First-time users — even teens — of both cocaine and crack can stop breathing or have fatal heart attacks. Using either of these drugs even one time can kill you.
Addictiveness: These drugs are highly addictive, and as a result, the drug, not the user, calls the shots. Even after one use, cocaine and crack can create both physical and psychological cravings that make it very, very difficult for users to stop.
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Cough and Cold Medicines (DXM)
Several over-the-counter cough and cold medicines contain the ingredient dextromethorphan (also called DXM). If taken in large quantities, these over-the-counter medicines can cause hallucinations, loss of motor control, and "out-of-body" (or disassociative) sensations.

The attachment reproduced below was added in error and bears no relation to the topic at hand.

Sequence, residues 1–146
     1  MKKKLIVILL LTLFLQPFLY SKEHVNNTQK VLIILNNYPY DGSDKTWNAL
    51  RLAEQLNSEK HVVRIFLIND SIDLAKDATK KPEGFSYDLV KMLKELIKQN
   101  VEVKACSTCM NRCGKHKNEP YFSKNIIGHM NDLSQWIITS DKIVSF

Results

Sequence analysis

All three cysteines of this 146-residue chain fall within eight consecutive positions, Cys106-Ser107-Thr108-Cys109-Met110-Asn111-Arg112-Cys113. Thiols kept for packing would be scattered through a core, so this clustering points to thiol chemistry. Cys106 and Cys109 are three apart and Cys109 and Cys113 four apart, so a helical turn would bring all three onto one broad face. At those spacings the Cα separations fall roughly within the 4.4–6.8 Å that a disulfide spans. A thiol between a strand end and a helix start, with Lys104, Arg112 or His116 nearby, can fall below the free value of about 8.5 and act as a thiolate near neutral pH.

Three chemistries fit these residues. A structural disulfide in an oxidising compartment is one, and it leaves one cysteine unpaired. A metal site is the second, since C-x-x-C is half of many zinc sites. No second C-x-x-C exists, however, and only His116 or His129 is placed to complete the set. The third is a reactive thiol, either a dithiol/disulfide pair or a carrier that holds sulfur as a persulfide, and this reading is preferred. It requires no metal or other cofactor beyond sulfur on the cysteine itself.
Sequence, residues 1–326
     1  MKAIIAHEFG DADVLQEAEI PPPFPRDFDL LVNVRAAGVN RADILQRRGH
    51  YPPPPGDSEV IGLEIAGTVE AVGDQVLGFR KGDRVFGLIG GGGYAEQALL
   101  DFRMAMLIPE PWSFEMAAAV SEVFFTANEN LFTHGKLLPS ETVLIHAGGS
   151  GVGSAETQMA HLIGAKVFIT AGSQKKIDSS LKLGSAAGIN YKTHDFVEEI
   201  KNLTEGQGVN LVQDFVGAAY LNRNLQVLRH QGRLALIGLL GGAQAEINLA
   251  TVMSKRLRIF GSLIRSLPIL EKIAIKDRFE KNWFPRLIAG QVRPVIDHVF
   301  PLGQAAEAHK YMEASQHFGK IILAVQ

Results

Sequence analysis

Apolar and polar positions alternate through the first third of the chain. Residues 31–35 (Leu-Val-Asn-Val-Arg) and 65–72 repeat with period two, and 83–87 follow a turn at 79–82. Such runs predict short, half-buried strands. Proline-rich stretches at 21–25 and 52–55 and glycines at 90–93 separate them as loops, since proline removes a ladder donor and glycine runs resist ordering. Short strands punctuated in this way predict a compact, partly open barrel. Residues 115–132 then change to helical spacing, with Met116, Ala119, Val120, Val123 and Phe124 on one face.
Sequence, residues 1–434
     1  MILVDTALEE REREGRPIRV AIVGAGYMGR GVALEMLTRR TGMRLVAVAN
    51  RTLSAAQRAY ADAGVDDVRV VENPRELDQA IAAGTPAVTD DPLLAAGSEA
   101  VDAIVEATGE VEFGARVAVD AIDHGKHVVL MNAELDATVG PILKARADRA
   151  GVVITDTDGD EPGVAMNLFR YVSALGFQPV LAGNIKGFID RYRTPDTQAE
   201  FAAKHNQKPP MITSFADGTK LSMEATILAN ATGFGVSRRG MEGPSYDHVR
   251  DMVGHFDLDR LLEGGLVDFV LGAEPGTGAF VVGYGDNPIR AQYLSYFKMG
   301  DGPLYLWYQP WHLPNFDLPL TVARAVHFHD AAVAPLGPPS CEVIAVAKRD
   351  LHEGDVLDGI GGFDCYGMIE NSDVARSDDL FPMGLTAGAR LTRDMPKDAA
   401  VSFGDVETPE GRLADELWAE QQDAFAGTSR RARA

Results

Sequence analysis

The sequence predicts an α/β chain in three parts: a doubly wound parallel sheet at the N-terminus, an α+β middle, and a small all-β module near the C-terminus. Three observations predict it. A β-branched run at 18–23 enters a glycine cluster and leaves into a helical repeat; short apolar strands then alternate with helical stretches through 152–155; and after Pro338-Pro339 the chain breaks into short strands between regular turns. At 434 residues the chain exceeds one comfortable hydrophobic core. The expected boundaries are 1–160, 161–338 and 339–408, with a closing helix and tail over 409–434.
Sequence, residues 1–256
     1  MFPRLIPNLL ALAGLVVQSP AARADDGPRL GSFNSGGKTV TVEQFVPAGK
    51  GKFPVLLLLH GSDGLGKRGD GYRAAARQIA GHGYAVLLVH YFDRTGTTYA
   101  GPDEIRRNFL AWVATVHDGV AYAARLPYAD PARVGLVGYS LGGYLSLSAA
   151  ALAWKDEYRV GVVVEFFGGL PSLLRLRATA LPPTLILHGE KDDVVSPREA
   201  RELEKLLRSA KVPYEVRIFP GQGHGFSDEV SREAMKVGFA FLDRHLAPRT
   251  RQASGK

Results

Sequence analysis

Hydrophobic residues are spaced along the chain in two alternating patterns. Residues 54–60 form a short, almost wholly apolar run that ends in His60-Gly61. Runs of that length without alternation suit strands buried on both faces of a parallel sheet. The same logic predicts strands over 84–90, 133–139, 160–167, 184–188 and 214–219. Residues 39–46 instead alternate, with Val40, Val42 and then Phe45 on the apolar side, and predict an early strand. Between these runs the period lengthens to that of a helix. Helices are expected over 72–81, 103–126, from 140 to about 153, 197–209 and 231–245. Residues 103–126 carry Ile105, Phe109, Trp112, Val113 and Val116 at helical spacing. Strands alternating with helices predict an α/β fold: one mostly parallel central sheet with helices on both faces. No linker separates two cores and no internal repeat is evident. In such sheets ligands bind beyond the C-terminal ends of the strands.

Street Names: triple C, candy, C-C-C, dex, DM, drex, red devils, robo, rojo, skittles, tussin, velvet, vitamin D

How They're Used: Cough and cold medicines, which come in tablets, capsules, gel caps, and lozenges as well as syrups, are swallowed. DXM is often extracted from cough and cold medicines, put into powder form, and snorted.

Effects & Dangers:

Small doses help suppress coughing, but larger doses can cause fever, confusion, impaired judgment, blurred vision, dizziness, paranoia, excessive sweating, slurred speech, nausea, vomiting, abdominal pain, irregular heartbeat, high blood pressure, headache, lethargy, numbness of fingers and toes, redness of face, dry and itchy skin, loss of consciousness, seizures, brain damage, and even death.
Sometimes users mistakenly take cough syrups that contain other medications in addition to dextromethorphan. High doses of these other medications can cause serious injury or death.
Addictiveness: People who use cough and cold medicines and DXM regularly to get high can become psychologically dependent upon them (meaning they like the feeling so much they can't stop, even though they aren't physically addicted).